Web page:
Los Angeles- A new study has revealed that vaccinations for measles are not only effective in preventing just the said disease, but several others as well. Measles is a respiratory disease, known to be highly contagious. However, the study has shown that the prevention of measles induced immune system damage, also results in the prevention of other infections. This effect can last for up to 3-years.
The researchers made use of health data from authorities in US, UK and Denmark, for before and after 1960 when vaccines became available. The study, although targeted at ‘immune amnesia’, showed a correlation between measles cases and deaths from other infectious diseases.
Lead author, Michael J. Mina, stated: “With mathematical analysis of all of the epidemiological evidence we have, it seems that when measles was prevalent, it would go through a population, and that population would be at increased risk for mortality from other diseases for about 28 months, and in proportion to how many people were infected with measles.”
The study also found that those who did not get the vaccine became more susceptible to other infections. Since measles leads to severe depletion of immune cells and once the disease is gone, the immune cells start to reproduce. Unfortunately, the new cells will only know how to fend of measles related infections. The cells would need to be exposed to other infections to make the immune system working properly again.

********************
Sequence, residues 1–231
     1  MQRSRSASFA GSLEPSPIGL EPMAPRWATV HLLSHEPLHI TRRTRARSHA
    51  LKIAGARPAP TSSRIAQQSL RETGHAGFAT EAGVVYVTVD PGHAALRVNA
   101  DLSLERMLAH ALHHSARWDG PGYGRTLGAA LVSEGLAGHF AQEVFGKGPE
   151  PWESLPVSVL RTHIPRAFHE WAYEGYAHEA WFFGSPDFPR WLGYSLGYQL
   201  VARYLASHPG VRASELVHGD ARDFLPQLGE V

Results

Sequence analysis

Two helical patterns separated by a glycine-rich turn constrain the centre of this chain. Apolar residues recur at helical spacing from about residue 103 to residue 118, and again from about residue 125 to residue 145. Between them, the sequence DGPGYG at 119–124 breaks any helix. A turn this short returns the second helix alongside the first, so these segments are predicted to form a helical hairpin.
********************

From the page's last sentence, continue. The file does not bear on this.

Mina also highlighted that: “The work also demonstrates that, in these highly developed countries prior to the introduction of measles vaccine, measles may have been implicated in over 50 percent of all childhood infectious disease deaths.” As per the results of the study, it can take up to 28-months for the immune system to fully recover.
The research also pointed out that measles had contributed to almost 50% of childhood deaths before the vaccine was introduced. However, the rate of deaths from a number of infections fell after the introduction of the vaccine. The study has been published in The Science Journal and has come at a time when parents are avoiding the vaccine.
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